But with "Dragostea din Tei" already a hit in Italy, music producers' curiosity had been piqued. Who was the original band? An Italian label, Time Records, contacted O-Zone, signed them up to a one-year contract, and rereleased the original O-Zone recording of "Love Under the Lime Tree."

The group quickly became a hit in Spain, France, and elsewhere in Europe.

"Deejays [throughout Europe] saw that the song was successful in Spain, in France,” Toderas said. “We were high in the charts, and even in those countries where the song had not been officially launched, deejays were already playing the song on the radio because it was very danceable and jolly."

In most of Europe, music lovers are listening primarily to the original O-Zone hit. But in the Czech Republic, deejays are often playing both versions of the song. It doesn't seem to hurt -- both versions of "Dragostea din Tei" are a hit.

Deejay Jiri Civka of Prague's Radio Deejay said, "I will start to play O-Zone in a few weeks -- I mean, two or three weeks -- because I started to play the song by Haiducii, because my mother radio station in Italy [Radio Deejay] did the same."

O-Zone is not the first East European, or even the first Romanian band to make it in the West.

Russian girl-duo tATu was a major success in Europe two years ago with their hit "Nas Ne Dagonet" ("You're Not Gonna Get Us").

The Croatian dance group Karma was a big hit last summer in several European countries, with their energetic song "Sedam Dana" ("Seven Days").

In December 2002, the Cheeky Girls -- another girl-duo, this time from Romania -- topped the British charts. Much ridiculed by musical critics in Britain and elsewhere, their song "Touch My Bum" became a Christmas hit and they played live on BBC Television on New Year's Eve.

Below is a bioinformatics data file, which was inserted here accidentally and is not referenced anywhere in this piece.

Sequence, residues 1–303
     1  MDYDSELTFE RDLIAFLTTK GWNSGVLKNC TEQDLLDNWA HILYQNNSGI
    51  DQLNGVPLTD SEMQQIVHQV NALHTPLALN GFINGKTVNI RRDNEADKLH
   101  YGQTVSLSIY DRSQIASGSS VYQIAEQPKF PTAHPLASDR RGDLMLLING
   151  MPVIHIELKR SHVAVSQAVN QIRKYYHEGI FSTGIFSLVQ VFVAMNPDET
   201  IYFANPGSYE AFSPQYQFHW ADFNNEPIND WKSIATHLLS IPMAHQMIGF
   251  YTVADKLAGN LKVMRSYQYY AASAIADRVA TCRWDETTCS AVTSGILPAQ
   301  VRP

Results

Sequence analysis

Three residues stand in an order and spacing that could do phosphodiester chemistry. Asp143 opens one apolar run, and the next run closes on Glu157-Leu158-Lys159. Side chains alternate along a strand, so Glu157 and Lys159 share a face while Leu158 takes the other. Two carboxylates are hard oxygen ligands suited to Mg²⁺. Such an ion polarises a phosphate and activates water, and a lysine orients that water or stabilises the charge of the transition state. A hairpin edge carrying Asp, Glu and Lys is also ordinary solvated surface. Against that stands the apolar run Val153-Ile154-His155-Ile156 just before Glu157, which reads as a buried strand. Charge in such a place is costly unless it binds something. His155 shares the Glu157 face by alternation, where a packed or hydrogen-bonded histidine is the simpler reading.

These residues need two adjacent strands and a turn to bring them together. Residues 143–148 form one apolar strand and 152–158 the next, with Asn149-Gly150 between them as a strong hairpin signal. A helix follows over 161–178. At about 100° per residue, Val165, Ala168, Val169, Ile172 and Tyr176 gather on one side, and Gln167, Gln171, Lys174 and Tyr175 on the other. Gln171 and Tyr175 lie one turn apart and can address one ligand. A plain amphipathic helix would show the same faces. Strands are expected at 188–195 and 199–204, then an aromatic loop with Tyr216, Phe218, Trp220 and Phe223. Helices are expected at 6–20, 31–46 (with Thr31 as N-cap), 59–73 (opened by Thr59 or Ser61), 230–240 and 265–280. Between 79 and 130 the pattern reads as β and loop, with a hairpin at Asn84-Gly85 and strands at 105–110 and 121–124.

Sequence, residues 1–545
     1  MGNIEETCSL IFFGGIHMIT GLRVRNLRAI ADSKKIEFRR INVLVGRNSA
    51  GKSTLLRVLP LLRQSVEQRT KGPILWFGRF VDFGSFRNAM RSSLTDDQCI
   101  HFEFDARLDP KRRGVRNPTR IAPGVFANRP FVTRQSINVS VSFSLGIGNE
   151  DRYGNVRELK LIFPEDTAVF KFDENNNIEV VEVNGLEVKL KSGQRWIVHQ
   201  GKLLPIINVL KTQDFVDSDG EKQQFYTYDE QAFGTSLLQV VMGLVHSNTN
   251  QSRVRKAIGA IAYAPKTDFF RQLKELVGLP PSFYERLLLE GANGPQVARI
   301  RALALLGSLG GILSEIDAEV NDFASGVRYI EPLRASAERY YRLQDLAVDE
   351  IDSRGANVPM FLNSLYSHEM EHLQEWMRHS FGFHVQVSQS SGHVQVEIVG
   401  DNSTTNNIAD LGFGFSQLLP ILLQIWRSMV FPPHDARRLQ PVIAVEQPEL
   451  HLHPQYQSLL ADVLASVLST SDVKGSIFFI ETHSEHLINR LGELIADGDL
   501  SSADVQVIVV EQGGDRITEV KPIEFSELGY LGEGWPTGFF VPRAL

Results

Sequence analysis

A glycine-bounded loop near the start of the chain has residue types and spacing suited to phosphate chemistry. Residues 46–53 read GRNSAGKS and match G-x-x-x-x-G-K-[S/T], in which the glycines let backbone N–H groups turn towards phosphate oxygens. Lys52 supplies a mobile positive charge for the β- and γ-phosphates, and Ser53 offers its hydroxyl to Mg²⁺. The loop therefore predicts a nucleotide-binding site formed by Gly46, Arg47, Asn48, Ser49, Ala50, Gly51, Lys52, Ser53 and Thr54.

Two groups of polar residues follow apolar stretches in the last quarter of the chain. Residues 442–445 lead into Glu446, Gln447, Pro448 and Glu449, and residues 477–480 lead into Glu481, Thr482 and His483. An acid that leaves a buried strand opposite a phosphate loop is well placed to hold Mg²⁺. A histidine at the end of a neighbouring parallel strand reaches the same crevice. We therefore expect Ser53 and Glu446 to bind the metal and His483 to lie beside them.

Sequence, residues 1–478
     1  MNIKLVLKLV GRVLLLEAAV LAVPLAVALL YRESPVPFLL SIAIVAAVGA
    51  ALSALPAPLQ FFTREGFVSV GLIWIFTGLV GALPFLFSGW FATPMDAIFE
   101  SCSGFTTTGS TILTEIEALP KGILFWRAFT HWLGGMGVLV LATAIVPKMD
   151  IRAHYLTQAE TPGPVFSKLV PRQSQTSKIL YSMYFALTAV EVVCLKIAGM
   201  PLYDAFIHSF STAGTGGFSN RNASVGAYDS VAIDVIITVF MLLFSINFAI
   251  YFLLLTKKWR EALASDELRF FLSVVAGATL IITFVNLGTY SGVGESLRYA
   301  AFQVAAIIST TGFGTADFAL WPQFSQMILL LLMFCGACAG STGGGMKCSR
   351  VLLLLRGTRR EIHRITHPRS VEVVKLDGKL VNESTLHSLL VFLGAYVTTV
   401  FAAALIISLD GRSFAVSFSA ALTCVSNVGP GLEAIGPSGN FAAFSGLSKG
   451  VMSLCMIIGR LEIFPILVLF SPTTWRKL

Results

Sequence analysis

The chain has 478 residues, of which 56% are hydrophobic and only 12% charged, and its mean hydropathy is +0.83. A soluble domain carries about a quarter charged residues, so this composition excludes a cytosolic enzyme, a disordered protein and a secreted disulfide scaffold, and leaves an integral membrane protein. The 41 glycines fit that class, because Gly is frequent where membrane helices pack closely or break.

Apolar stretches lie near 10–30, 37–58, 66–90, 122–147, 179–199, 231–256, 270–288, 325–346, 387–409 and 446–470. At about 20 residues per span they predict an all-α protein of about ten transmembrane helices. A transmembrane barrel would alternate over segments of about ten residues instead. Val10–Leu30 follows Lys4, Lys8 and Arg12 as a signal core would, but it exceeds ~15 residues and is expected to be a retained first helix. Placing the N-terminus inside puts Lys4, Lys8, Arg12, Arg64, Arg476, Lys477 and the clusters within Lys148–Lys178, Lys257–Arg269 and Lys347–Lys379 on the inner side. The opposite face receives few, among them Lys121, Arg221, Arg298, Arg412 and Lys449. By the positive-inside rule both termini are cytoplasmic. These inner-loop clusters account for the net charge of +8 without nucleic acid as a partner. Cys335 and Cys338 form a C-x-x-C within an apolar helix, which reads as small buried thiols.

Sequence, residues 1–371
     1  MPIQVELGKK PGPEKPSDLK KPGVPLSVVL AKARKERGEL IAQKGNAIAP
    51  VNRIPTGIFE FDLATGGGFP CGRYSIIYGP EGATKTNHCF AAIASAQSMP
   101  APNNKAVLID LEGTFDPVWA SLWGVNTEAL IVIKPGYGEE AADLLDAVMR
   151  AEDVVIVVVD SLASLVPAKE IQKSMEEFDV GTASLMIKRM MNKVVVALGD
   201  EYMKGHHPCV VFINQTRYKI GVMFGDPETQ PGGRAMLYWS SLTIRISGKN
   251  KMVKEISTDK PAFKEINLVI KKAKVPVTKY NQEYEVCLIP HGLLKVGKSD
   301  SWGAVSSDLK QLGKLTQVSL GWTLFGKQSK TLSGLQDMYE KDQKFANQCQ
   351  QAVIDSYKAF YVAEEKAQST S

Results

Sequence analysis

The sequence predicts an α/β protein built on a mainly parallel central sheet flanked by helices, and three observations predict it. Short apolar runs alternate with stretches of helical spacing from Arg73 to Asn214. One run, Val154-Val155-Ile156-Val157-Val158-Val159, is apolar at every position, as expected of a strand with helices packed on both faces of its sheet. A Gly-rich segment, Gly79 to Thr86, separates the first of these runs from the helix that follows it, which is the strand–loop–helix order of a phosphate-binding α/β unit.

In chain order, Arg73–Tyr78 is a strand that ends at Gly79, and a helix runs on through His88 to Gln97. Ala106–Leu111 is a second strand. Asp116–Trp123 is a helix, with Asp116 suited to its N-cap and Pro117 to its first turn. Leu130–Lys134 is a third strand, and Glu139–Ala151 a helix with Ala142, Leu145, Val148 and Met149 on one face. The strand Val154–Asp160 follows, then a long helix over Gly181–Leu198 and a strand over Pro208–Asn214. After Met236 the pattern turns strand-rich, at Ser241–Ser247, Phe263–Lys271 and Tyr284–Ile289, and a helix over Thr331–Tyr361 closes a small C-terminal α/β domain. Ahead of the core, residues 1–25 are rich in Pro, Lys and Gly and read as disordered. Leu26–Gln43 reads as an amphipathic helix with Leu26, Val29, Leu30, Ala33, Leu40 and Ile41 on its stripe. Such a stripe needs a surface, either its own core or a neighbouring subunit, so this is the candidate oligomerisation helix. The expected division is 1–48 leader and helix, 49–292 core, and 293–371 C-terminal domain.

RFE/RL asked O-Zone's front man whether the band considers itself Romanian or Moldovan. Moldova was part of Romania until World War II, and 65 percent of its population of 4.5 million is Romanian.

"We come from [the Republic of] Moldova, from [the former Romanian region of] Basarabia, but we launched our careers in Romania, and we wrote our songs for the Romanian market," Toderas said. "Anyway, [Moldova and Romania] are together, you know -- this is one Romania, the Greater Romania. We are together -- we are Moldovans who shot to fame in Romania and then in Europe."

O-Zone are working on a new album, their third, which is due for release this summer. Meanwhile, they are touring Europe to promote their current hit.

Toderas says they are also preparing for their debut later this month in Britain, Europe's most powerful and lucrative music market. But much as O-Zone may want to achieve success in the United Kingdom, Toderas said the band is not going to switch to singing in English.

"On 24 May we are officially launching our hit, 'Dragostea din Tei' in the United Kingdom, in the original Romanian version," Toderas said.

Radio deejays in many European countries say that "Dragostea din Tei" has the potential to becoming a summer hit across Europe.

In the meantime, a second potential big hit for O-Zone, "De Ce Plang Chitarele," ("Why Guitars Weep") is also gaining ground on the music charts.